Khalid Shah

What’s the recipe for success in a modern-day laboratory? What drives discovery: technological advancements or big ideas? Khalid Shah, MS, PhD, vice chair of research for the Department of Neurosurgery and director of Stem Cell Therapeutics and Imaging wants to share answers on these big-picture questions and more. But first, he wants you to consider a humble tea bag.

Shah draws an image of a pyramid-shaped tea bag on the white board in his office. He explains that, to be cost-efficient, tea bags are crafted in large batches. Once the processing technology is constructed, the company can change the type of tea – ginger, lavender, mint, etc. – to create hundreds of flavor possibilities.

This process is analogous to generating new research solutions. Once the technology is in place, a scientist can begin to fill it with as many different ideas as there are flavors of tea.

The Shah lab is equipped with cutting-edge tools and technologies for investigating questions about cancer, including hundreds of tumor cell lines as well as different types of mouse models, DNA expression constructs, stem cells and oncolytic viruses. Today, they are tackling some of the hardest problems in treating primary and metastatic tumors, using a unique blend of ingenuity and open-mindedness that allows them to think outside of the box.

“We seldom look at a competitor’s work when we’re thinking about how to solve a problem,” Shah explains. “That would take much of the innovation out of it for us. Instead, we approach the problem with a fresh perspective. We have a vision that guides us and a unique way of doing things – but it’s a way that’s worked for us.”

A Fresh Eye Toward Brain Tumor Research

Recent advancements in biomedical engineering are accelerating brain tumor research. For example, researchers can now use engineered stem cells that home and kill tumor cells, tumor-targeting oncolytic viruses to infect and kill cancer cells, or engineer immune cells, such as chimeric antigen receptor (CAR) T-cells and natural killer (NK) cells, to attack cancer cells. They can also control stem cells and train ‘good’ cancer cells to kill ‘bad’ ones.

“My belief is that biological therapies such as engineered stem cells, oncolytic viruses, redefined immune-cells, or maybe even controlled and repurposed cancer cells may become useful clinical treatments for brain tumors,” Shah said.

Recent research also suggests that the gut microbiome may play a critical role in immune system function. The Shah lab is currently examining the effect of the gut microbiome on brain tumors to enhance the effectiveness of their cell-based immune therapies.

Growing Research from the Ground Up

Now is a time for major discovery and development in the field of neuro-oncology, and Shah remains focused on growing his research from the ground up.  For the first eight years of his research career, for example, he examined primary brain tumors such as glioblastoma.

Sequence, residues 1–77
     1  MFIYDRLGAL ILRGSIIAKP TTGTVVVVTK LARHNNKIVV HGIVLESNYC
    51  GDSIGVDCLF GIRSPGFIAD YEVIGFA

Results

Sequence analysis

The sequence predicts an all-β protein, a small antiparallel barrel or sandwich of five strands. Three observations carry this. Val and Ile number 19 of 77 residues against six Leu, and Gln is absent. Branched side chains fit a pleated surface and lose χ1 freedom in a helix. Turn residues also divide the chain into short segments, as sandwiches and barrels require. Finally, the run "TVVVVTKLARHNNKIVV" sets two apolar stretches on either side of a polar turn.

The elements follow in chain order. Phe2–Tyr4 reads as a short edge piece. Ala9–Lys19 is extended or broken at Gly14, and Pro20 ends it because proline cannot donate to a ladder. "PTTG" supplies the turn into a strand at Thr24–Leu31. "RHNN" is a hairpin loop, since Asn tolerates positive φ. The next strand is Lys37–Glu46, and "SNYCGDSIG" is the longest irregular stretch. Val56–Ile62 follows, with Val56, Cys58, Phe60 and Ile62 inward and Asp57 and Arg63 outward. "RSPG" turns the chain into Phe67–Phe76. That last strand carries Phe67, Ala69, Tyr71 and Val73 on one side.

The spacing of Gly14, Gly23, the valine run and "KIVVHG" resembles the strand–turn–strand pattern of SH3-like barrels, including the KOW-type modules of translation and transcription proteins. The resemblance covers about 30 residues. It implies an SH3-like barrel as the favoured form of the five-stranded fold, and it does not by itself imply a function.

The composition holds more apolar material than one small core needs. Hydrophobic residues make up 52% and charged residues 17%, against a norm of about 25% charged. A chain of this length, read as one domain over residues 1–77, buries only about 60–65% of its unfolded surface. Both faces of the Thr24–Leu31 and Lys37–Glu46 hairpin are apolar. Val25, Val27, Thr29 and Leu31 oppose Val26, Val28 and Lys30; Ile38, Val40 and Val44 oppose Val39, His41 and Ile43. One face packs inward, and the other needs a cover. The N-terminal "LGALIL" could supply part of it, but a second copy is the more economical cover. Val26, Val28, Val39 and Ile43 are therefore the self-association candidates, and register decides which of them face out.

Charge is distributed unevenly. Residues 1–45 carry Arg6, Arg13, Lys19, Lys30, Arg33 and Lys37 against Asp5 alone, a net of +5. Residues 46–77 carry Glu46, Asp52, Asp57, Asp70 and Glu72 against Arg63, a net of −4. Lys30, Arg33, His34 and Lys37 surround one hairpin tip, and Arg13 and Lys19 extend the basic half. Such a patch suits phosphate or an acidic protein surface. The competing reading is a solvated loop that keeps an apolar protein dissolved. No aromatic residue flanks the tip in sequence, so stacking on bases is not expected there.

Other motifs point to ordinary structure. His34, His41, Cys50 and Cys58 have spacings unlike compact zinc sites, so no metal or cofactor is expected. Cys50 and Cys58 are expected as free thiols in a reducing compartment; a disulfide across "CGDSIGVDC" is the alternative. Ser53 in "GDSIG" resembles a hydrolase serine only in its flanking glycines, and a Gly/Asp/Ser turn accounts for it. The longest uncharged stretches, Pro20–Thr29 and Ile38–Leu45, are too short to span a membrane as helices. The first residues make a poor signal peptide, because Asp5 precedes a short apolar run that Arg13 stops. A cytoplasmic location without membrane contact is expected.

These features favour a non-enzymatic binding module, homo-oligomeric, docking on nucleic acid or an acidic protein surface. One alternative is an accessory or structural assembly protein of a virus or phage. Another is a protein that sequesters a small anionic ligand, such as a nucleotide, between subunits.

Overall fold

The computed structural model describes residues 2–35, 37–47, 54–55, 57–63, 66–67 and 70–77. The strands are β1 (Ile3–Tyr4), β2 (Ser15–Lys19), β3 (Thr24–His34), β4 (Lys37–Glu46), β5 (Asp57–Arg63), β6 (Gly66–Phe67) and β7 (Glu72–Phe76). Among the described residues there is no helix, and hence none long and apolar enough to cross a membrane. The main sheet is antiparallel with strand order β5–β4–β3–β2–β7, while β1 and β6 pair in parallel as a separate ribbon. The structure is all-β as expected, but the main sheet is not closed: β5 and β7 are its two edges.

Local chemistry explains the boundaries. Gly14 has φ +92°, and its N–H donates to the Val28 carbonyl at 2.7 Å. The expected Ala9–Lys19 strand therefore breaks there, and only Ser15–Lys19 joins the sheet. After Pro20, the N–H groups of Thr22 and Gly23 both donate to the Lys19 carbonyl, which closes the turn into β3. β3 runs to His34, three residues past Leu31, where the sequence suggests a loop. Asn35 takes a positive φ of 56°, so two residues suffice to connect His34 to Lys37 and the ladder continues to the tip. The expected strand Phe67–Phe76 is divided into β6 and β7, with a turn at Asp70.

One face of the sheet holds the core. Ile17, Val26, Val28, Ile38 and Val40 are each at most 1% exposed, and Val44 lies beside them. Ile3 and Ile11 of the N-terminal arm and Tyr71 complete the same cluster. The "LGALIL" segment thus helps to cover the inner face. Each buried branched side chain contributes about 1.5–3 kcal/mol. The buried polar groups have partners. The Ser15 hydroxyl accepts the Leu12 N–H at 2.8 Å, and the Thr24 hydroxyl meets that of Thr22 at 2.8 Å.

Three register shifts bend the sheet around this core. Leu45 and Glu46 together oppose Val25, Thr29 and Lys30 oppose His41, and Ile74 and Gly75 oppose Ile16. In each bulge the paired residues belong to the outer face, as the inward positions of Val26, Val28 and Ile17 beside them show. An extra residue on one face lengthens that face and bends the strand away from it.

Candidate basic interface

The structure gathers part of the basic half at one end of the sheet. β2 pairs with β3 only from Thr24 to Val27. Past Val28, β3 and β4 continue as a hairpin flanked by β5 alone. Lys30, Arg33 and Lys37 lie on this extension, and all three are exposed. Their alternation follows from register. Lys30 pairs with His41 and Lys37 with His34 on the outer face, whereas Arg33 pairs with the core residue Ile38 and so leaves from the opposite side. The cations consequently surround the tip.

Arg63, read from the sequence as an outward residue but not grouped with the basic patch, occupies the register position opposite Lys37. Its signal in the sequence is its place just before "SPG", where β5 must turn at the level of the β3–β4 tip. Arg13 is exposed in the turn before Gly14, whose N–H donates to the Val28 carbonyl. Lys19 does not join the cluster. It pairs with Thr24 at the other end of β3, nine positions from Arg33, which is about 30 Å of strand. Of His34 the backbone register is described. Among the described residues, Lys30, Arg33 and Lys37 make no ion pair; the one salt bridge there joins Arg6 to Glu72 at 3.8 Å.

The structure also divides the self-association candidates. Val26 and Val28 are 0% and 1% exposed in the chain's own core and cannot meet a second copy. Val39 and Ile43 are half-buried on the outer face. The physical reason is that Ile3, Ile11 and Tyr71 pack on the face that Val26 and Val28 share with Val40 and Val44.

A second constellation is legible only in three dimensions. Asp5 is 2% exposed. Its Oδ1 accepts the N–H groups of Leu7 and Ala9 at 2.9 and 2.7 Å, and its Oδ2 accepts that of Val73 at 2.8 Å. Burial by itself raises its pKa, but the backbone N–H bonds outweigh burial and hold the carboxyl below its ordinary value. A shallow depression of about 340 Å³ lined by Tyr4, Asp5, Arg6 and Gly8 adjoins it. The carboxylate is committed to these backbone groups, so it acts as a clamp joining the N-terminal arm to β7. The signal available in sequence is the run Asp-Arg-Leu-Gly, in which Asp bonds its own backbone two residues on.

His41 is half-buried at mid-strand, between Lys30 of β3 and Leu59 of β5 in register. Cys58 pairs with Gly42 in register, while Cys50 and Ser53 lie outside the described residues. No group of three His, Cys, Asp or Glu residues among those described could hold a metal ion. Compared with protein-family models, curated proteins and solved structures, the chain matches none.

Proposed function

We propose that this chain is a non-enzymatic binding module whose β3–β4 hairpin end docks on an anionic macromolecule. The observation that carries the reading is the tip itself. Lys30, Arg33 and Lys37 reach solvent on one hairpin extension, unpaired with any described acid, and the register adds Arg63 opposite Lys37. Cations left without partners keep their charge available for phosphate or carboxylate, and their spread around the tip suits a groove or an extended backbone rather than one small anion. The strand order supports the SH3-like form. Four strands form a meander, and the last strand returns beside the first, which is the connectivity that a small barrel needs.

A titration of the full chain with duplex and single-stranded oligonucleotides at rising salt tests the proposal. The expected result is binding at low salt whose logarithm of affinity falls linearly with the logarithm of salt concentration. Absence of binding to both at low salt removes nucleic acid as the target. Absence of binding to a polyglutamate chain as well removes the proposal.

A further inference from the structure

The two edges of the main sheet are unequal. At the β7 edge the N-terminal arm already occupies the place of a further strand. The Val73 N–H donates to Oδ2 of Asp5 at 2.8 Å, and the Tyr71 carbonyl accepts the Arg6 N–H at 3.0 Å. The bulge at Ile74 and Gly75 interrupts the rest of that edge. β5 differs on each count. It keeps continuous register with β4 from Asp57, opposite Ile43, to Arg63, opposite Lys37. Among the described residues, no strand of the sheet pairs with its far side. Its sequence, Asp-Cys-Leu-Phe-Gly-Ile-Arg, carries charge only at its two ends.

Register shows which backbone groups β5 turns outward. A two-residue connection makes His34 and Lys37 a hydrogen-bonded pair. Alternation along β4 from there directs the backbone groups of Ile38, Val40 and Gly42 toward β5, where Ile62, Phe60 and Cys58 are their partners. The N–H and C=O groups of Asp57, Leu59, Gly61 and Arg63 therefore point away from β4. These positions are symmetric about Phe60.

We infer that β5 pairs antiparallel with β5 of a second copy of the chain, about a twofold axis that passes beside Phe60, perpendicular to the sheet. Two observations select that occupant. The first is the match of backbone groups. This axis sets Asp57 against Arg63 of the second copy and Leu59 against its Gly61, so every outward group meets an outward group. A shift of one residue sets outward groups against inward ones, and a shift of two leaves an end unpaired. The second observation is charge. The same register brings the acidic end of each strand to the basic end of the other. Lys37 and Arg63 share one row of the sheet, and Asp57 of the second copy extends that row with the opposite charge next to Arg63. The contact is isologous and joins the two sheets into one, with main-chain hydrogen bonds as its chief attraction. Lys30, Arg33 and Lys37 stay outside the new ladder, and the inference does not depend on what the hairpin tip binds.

“I have always tried to keep clarity of mind,” Shah said. “Rather than spreading myself too thin, I work to channel my energy and efforts into a singular focus.”

Over the years, topics in his lab have progressed to include metastasized melanomas, breast tumors and lung tumors that have reached the brain. The emphasis on researching and treating brain tumors continues to unite his lab.

“We have not lost our connection with the roots of where we started,” said Shah. “This is the best way to impact the field.”

And Shah’s  team has done just that, demonstrated by a proven track record of productivity and innovation. Over the summer, his lab published a paper in Science Translational Medicine about using CRISPR/Cas9 gene-edited and ‘tamed’ cancer cells to attack and kill harmful cancer cells in mouse models. The team envisions that these cell-based therapies could be adjusted for individual patients as part of a personalized care and treatment plan in the future. The work was widely publicized across the scientific community and through media outlets.

Shah acknowledges that it can be difficult for a novel research idea to take hold. He recalls that in the beginning, when his team first proposed killing cancer by using cancer cells, many in the field doubted them. But Shah believes that there are two keys to the successful development of a bold idea: patience and perseverance.

“The reality is that research is more about long-term goals and short-term experimental solutions. We have an amazing group of people in our center that have detailed experimental plans to execute experiments. For me, I am always looking ahead. When you have vision, you’re looking for long-term solutions. It’s the subconscious mind or perhaps beyond that brings forth unique and innovative ideas,” said Shah.

The Modern-Day Investigator

Shah also recognizes that the role of principal investigator is evolving as research funding opportunities become increasingly competitive. Today, conducting research and writing grants is no longer enough to thrive in a competitive research environment.

“To be successful, you have to be skilled in multiple areas, including writing grants, attracting new people, marketing your work, interacting with industry and collaborating with other researchers,” explained Shah, who views science as a global effort.

As part of his role, he regularly travels to present lectures around the world. Just last month, he traveled to the United Kingdom, Italy, Belgium and the Netherlands to share his ideas and speak about his latest research.

Yet, Shah remains grounded. When he is not traveling or guiding research efforts, he can be found teaching his son and daughter the value of deconstructing and understanding simple technologies, such as a tea bag, so that they can, one day, fill new technologies with their own ideas.